The Virginia Tech Transportation Institute is working on a Smart Road to test self-driving cars on a rural road.
“The majority of roads in the U.S. are rural roadways, most of us live in rural areas,” said Andy Schaudt.
Andy Schaudt is the automated vehicle systems project director.
“Eventually, if most of the roads are rural and a lot of us live in these rural areas, automated vehicles and self-driving cars are really going to have to be in those areas at some point, for everyone to gain the value from them.”
At the Virginia Tech Transportation Insitute Smart Road self-driving cars have been tested for almost two decades.
“We have an opportunity to save a lot of lives for the first time because the technology is finally rising up to where we can deploy in the best way.”
With two-thirds of all roads in the nation being rural, the institute’s leaders felt like it makes sense to build their newest project: a rural smart road.
“Rural roads are really the last frontier we see at this point of testing these automated vehicles.”
They bought a farm with 120 acres of land for the new road. Construction to build the long winding road that will look like your typical backcountry road is in the works.
“Our goal is to keep it almost the same. We want to put some roadway through this environment, but we want to keep all the trees, the hills, the curves, the small streams that are coming through here, the elevation changes up into the mountainside.”
So far, they’ve built a paved access road down to the rural area and have started mapping out roads with these flags.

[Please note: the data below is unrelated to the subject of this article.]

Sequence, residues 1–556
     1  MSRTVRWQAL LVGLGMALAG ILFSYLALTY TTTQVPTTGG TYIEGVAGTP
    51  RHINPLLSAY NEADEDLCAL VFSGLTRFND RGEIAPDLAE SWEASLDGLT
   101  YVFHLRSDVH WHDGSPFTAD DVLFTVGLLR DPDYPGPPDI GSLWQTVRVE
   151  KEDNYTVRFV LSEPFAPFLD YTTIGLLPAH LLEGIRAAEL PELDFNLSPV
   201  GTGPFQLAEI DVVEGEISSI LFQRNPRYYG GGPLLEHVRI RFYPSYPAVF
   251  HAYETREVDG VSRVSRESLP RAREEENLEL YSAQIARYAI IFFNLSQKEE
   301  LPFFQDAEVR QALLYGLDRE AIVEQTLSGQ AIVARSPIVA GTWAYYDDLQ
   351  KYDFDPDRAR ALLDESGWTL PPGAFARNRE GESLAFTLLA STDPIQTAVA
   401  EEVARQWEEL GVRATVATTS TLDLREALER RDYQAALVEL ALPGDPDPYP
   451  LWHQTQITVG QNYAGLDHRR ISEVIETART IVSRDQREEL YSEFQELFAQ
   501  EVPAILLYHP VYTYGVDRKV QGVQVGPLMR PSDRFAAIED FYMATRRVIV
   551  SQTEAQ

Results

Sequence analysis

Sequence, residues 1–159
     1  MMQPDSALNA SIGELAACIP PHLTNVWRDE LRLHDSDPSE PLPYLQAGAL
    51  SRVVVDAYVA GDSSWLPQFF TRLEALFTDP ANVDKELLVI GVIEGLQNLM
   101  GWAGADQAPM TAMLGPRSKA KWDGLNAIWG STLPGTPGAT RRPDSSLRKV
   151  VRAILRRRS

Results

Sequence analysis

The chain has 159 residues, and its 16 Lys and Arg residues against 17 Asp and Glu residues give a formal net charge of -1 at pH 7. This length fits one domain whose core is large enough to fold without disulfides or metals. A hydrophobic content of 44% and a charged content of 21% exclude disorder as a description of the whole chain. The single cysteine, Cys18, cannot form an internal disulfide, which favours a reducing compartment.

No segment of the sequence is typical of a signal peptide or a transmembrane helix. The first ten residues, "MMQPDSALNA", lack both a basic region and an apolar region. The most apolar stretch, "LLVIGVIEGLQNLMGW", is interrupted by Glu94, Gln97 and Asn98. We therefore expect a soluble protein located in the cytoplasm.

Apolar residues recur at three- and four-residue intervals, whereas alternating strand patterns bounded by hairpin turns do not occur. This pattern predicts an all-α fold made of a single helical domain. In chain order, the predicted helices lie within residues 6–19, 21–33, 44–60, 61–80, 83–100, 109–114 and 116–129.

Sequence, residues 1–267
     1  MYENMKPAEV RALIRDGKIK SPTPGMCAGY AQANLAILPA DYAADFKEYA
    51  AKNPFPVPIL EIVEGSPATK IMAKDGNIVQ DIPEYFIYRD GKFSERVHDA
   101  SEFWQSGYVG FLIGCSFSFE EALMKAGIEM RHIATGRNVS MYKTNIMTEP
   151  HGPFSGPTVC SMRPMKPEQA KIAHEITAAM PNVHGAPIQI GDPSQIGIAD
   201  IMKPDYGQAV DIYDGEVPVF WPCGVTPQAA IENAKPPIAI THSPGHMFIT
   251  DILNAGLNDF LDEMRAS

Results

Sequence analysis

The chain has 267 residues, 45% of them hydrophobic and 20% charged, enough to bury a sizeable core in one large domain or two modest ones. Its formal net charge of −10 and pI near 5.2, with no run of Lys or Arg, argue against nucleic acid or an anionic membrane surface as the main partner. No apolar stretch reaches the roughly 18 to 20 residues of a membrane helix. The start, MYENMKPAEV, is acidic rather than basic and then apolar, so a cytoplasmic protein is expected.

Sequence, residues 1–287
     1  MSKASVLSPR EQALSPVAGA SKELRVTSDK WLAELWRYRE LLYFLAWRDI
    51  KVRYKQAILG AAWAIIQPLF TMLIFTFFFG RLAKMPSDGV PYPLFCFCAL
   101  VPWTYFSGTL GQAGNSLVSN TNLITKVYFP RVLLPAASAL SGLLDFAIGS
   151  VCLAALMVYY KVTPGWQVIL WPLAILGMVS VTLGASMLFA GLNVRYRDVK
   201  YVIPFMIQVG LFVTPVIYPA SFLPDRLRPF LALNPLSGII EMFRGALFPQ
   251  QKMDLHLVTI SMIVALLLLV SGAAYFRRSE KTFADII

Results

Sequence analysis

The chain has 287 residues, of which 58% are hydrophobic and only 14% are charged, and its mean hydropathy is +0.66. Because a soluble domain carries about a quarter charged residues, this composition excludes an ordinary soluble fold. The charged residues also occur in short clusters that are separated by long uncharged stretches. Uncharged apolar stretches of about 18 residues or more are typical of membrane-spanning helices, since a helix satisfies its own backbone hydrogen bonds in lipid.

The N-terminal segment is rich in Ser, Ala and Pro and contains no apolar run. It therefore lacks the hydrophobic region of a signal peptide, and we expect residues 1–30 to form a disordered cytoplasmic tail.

“We want to keep it as rural as we can.”
More than 37-thousand people die in road crashes each year in the United States – with millions more hurt or disabled in crashes, according to the Association for Safe International Road Travel.
Taking away that hurt by saving lives is what drives Virginia Tech Transportation Institute employees.
“A lot of times humans are very good at driving, except in situations where they are not,” said Andy Schaudt.
“When you look at the causes of those, over 90-percent of them we can contribute to humans or some kind of human error,” said Schaudt.
A human error like taking our eyes off the road to text, or eat, or anything else that might distract you.
“We do that at the wrong time and that’s when crashes happen and that’s when fatalities happen,” said Schaudt.
Ultimately, they hope the rural smart road helps the cars of the future learn to be smarter and safer.
“Safety is the priority for us. If we can start to remove the human error that’s contributing to these crashes then that’s where we want to go with it.”
The road should be finished by the end of the year.
Testing on the road will start in the year 2020.